Omega Centauri has been expelled to have a possible habitable zone. According to the researchers, the speed at which their stars interact with each other would be too high to accommodate any form of life.
Humans may need to do more space exploration to look for extraterrestrial life because researchers have discovered that Omega Centauri has none.
Omega Centauri is a dense, packed global star cluster estimated to have around 10 million stars. The star cluster is located 16,000 light-years from Earth in the constellation Centaurus.
Due to the colossal size of the cluster, it has been observed for decades. The stars cover an incredible 150 light-years and weigh about 4 million suns.
Because of how great that is, many people have convinced that the stellar body contains exoplanets in its "Goldilocks Zone." Another world is far enough away from its star to have liquid water and life, as well the earth.
Like Stephen Kane, an Associate Professor of Planetary Astrophysics at the University of California, Riverside and lead author of the study, as the kind of star cluster that exists throughout the universe, it's a fascinating area to search for habitability. Despite many stars concentrating on their core, the existence of exoplanets is still unknown.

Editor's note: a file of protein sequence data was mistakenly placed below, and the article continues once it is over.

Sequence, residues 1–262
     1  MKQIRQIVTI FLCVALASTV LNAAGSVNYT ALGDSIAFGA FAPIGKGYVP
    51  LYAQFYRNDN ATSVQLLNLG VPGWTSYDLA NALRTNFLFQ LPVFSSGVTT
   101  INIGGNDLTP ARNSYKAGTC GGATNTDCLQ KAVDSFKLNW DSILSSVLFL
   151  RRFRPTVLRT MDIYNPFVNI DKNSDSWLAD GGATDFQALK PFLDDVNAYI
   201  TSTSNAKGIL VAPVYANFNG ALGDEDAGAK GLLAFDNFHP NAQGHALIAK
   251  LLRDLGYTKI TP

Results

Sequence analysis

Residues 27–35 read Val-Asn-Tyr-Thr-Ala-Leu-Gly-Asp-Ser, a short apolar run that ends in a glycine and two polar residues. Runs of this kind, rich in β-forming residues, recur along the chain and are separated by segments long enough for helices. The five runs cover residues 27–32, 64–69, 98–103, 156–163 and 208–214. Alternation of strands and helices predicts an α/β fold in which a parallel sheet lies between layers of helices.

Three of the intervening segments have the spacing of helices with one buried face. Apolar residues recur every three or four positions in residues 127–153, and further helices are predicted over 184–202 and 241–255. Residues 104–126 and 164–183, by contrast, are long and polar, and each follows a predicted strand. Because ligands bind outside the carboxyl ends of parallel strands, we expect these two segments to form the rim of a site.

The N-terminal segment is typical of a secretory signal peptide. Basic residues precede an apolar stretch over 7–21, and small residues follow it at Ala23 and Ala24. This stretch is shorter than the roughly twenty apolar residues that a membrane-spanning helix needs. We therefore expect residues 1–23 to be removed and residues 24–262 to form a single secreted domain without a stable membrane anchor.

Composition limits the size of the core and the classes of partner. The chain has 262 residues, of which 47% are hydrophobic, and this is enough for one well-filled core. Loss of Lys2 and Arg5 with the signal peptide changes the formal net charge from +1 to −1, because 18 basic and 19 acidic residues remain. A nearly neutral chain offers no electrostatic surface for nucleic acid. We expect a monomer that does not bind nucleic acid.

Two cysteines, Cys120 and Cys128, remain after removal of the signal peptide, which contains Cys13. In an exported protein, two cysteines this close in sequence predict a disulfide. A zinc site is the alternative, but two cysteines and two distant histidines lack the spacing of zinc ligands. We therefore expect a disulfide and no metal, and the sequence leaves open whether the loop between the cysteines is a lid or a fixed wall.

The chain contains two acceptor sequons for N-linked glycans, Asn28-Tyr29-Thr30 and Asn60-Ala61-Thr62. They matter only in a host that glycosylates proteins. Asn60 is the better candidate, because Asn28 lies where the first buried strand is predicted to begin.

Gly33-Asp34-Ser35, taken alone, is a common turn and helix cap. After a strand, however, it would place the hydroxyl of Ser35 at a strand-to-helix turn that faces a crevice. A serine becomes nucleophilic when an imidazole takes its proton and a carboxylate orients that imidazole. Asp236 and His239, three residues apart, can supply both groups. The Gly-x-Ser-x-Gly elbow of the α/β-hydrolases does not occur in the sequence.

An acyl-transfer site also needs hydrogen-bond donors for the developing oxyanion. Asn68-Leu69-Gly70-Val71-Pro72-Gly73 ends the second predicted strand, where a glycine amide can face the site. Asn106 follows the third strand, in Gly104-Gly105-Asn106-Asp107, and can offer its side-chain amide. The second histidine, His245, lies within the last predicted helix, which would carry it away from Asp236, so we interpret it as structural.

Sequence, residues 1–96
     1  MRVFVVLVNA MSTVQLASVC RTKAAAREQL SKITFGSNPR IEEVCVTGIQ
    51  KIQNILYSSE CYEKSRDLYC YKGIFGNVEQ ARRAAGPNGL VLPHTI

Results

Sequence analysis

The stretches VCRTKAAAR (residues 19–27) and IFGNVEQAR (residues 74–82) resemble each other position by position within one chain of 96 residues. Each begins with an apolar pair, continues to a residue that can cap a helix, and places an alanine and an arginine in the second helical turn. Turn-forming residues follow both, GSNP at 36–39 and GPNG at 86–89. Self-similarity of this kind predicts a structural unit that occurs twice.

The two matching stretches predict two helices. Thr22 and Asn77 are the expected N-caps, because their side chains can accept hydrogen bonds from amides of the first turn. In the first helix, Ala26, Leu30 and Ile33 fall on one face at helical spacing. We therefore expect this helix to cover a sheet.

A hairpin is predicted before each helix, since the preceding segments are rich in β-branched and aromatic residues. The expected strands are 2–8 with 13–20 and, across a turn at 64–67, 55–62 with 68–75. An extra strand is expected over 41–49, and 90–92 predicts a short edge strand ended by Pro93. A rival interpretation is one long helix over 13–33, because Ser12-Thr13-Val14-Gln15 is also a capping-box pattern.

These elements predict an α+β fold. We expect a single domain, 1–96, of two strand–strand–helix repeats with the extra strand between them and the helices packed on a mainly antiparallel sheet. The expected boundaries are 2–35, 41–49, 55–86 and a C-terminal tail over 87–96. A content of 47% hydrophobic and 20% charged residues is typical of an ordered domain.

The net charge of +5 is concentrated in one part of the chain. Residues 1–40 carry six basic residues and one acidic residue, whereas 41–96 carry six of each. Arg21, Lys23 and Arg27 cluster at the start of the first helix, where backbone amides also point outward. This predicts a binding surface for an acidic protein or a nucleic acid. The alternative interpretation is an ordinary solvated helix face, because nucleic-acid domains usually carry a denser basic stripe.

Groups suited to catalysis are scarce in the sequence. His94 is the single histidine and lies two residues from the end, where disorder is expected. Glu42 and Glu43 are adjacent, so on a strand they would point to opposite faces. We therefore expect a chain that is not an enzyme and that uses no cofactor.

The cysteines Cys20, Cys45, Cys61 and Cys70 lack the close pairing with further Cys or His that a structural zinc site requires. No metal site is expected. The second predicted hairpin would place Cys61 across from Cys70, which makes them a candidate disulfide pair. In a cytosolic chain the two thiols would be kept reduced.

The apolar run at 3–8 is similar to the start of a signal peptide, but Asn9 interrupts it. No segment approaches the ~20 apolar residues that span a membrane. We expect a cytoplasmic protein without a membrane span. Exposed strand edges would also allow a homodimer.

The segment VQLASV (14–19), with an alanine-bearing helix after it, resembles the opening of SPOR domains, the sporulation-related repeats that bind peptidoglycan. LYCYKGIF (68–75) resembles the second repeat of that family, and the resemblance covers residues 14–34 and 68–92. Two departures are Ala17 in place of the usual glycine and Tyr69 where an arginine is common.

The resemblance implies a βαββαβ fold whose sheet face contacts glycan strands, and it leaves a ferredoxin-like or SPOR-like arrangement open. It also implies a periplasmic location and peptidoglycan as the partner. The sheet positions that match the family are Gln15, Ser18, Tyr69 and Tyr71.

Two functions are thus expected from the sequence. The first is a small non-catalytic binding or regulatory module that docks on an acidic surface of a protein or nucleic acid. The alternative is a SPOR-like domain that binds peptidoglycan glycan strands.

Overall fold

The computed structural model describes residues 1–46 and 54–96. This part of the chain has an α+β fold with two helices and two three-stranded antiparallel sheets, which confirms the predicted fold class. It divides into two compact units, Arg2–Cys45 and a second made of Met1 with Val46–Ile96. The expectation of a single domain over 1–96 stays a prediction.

For this reason, Kane and his colleagues explored the cluster, hoping to find a place that promotes livability. The team first studied the age and temperature of about 500,000 stars sitting in the core of the Brocken.
The study found that the majority of the body has suitable conditions for the uptake of planets in the habitable zone. Kane said that the core of Omega Centauri could possibly have a plethora of planetary systems sitting close to a host star housing habitable planets.
An example of such a system is a miniature version of the Milky Way called TRAPPIST-1. The system is located 40 light-years from Earth and is one of the most promising places to find a foreign life.
The densely packed stars in Omega Centauri's core probably mean that the bodies would interact with their neighbors. The forces that come from the encounter would be too much to endure any kind of microbial life on the planet in their habitable zones.
Sarah Deveny, the co-author of the study, said that the frequency of star gravitational interaction would be too high to obtain stable planets that are suitable for residents.
The average distance at the cluster core of the star is only 0.16 light-years, making it scarce once in a million years. This rate is much faster than the sun, which is 4.22 light-years from its nearest neighbor.
The study titled "Habitability in the Omega Centauri Cluster" is published in . The Astrophysical Journal and arXiv Paper
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